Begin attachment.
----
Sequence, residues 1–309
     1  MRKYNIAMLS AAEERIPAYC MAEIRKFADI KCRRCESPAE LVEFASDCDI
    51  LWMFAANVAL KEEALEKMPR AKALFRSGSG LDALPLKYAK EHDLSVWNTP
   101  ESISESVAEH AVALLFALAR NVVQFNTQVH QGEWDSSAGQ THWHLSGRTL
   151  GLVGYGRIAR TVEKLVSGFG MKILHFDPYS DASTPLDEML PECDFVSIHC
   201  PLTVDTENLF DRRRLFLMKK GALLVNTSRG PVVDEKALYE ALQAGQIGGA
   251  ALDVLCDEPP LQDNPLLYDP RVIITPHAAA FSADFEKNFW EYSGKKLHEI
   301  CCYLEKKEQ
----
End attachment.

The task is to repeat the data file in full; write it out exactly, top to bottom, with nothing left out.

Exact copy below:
Sequence, residues 1–309
     1  MRKYNIAMLS AAEERIPAYC MAEIRKFADI KCRRCESPAE LVEFASDCDI
    51  LWMFAANVAL KEEALEKMPR AKALFRSGSG LDALPLKYAK EHDLSVWNTP
   101  ESISESVAEH AVALLFALAR NVVQFNTQVH QGEWDSSAGQ THWHLSGRTL
   151  GLVGYGRIAR TVEKLVSGFG MKILHFDPYS DASTPLDEML PECDFVSIHC
   201  PLTVDTENLF DRRRLFLMKK GALLVNTSRG PVVDEKALYE ALQAGQIGGA
   251  ALDVLCDEPP LQDNPLLYDP RVIITPHAAA FSADFEKNFW EYSGKKLHEI
   301  CCYLEKKEQ